Rancher Labs, Leveraging Container Tech, Releases World's Lightest Linux Distribution For Servers


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Rancher Labs released its ultra-lightweight Linux distribution on Tuesday, a product that illustrates how the container tech revolution is creating room for innovation in the operating system.

RancherOS, an operating system built from containers and geared exclusively for hosting them, achieves an unprecedentedly small footprint by eliminating Linux system libraries and utilities outside the kernel. Those often-extraneous components can be reintroduced separately in Docker containers when needed.

With all traditional OS functions atomized in containers, RancherOS achieves rapid boot times and unique efficiencies that improve operation and scaling of distributed applications built as containerized micro-services, said Sheng Liang, CEO of the startup based in Cupertino, Calif.

[Related: Get On Board: Docker's Channel Maturity Unlocks The Container Tech Opportunity ]

Rancher, founded in 2014, has made a name for itself with its container management platform, an open source solution for managing large Docker clusters orchestrated by Kubernetes, Docker Swarm or Mesos.

But back in early 2015, about the same time it released the management platform, Rancher also introduced a unique operating system — what at the time was essentially a conceptual idea.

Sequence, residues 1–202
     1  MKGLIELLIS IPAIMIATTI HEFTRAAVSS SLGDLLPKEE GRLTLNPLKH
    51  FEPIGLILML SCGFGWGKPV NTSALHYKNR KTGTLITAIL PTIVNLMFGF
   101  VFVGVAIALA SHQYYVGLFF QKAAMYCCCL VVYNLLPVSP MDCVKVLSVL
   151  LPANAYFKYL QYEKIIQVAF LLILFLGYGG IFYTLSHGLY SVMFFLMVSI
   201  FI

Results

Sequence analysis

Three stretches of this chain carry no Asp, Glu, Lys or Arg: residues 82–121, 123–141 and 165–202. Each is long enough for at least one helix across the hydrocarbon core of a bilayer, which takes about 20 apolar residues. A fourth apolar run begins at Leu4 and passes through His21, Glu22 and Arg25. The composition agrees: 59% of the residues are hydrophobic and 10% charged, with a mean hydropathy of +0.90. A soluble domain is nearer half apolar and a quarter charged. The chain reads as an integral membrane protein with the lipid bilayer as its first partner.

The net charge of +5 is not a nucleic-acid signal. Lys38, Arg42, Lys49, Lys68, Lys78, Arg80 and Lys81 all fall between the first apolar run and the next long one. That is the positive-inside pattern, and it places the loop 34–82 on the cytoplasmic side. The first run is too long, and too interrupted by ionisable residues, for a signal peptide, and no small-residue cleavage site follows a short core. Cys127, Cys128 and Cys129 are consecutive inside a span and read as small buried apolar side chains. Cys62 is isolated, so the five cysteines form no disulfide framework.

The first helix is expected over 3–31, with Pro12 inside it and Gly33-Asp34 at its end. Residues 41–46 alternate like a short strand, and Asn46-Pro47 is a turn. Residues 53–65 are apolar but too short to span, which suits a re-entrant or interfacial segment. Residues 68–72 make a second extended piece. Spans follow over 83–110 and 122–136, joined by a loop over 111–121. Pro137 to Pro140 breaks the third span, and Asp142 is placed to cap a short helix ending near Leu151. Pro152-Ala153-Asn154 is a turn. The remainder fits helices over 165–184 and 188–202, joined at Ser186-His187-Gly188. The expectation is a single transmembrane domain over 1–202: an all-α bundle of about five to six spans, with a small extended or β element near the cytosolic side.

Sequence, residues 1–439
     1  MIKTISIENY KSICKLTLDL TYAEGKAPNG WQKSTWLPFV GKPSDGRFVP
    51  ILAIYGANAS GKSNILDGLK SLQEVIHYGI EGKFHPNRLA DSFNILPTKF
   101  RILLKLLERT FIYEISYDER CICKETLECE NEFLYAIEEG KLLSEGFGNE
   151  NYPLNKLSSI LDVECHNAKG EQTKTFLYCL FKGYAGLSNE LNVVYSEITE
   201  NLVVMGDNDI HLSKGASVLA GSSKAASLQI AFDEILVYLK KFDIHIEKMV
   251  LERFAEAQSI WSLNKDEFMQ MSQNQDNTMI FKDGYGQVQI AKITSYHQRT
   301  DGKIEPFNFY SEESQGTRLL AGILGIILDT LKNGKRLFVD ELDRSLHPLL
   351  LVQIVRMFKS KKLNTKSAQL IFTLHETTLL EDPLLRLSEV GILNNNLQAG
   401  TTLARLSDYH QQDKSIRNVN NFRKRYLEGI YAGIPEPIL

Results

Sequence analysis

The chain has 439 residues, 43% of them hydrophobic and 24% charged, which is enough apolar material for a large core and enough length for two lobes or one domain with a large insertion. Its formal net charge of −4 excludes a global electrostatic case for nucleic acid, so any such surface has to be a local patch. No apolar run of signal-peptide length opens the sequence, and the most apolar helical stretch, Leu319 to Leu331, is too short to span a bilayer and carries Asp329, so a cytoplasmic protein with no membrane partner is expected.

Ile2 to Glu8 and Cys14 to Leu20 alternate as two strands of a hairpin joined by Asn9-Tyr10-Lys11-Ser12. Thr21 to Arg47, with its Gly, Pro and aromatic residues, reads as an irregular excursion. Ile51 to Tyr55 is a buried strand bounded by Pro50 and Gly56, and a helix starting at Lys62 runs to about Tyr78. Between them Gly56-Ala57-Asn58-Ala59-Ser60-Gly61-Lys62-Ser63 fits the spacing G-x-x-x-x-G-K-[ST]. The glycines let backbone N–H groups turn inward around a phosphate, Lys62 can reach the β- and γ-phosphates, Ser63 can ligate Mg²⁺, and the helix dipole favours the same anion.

Initially, mostly hobbyists and technologists were interested in playing with the stripped-down Linux distribution. The product, however, became more practical about a year ago, and Rancher started seeing it implemented in production environments. Last year the company even signed a few support contracts.

"It takes a long time to really stabilize and mature the operating system," Liang said. "We finally got to the point where there was enough community traction, paying users, people who want us to support it commercially."

The advent of containers has ushered in new efforts to innovate at the level of the operating system.

"Linux was a mature, well-established space. Then containers created a lot of experimentation around the OS," Liang said.

That started with CoreOS, another major container tech player. The San Francisco-based startup was the first to strip down Linux to maximize the efficiency of distributed systems architected with Docker containers.


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